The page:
Now, the question is how do we calculate calories-in and calories-out. Your calories-in can be calculated with the help of a dietician, who would calculate the calorie equivalent of the food that you consume in general on a daily basis. There are also software available to do the same calculations that you can search over the internet. The calories-out are in general more than your resting metabolic rate (RMR), which is the amount of calories that your body burns without any activity. Many dieticians and gymnasiums offer the RMR calculation tests. Also, there are software available to calculate your RMR that you can search over the internet. In order to lose weight, the general rule is that you need to consume fewer calories per day that your body burns naturally anyway. Either with the help of a dietician or these nutrition software, you can come up with certain foods or their quantity to cut down from your daily diet in order to start losing weight. At this point, it is extremely important to know that you only need to cut down on your calories-in, but you still need all other nutrients, such as vitamins, minerals and fiber, for optimum health. If your weight loss plan includes cutting down on certain foods and / or their quantity, it will be a good idea to include the supplements of these vitamins and minerals to ensure optimum nutrition.
It should be noted that carbohydrates, fats and proteins provide the calories in the food. So obviously one has to cut down on these nutrients in order to restrict one’s calorie intake. When it comes to carbohydrates, you should cut down on the bad carb intake that are high in calories and also burn fast making you hungry again. The bad carbs are mainly derived from processed foods and sweet snacks and desserts, such as, candies, cookies, chips, doughnuts, brownies, Danish, etc. Rather, these bad carbs should be substituted with good carbs. The sources of good carbs are whole grains like rice, wheat, oat, barley, whole grain cereals, whole grain breads, fruits, vegetables, etc. The nutrition recommendation is that less than 30 percent of your total calorie intake should come from fat.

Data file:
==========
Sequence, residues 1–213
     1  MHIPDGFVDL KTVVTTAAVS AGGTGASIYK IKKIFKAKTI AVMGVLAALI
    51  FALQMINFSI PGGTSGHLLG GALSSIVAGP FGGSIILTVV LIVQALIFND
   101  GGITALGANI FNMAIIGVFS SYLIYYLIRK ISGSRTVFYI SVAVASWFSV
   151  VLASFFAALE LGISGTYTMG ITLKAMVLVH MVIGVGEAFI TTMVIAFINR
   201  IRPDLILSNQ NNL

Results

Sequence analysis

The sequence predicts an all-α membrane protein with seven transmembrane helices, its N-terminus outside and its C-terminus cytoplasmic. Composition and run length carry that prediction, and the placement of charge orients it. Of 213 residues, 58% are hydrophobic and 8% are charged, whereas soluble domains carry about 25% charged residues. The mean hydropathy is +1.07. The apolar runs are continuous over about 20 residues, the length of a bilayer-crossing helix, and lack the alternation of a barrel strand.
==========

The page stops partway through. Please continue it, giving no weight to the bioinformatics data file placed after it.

This fat consumption should be lower in saturated fat and should include unsaturated fats, such as polyunsaturated fats and monounsaturated fats, as they are beneficial for heart and general health. The good sources of these beneficial fats are vegetable oils, fish oil and olive oil. As far as proteins are concerned, about 40-50 percent of the human body mass is composed of proteins. Therefore, one has to be really careful when it comes to protein nutrition. One should cut down on red meat foods that are although high in proteins, are also high in fat. One should increase the intake of vegetarian sources of proteins, such as soy, beans, pulses, as they are generally low in fat. The good sources of animal proteins are chicken and fish as they are in general low in saturated fat and high in unsaturated fats, such as omega-3 fatty acids.
Dr. PJ Prakash holds a Ph.D. in Human Nutrition from the University of Rhode Island (U.S.A.) and a Post-Doctorate in Human Nutritional Biochemistry from the Tufts University, Boston (U.S.A.). He previously worked as a Nutrition Researcher at the USDA Human Nutrition Research Center on Aging at Tufts University, Boston where he published several research papers in prestigious nutrition journals. Currently, he is a nutrition consultant and personal weight loss coach and also a freelance writer in the field of human nutrition. You may obtain a “FREE 10-Step Weight Loss eCourse” on his website http://www.MyNutritionRegimen.com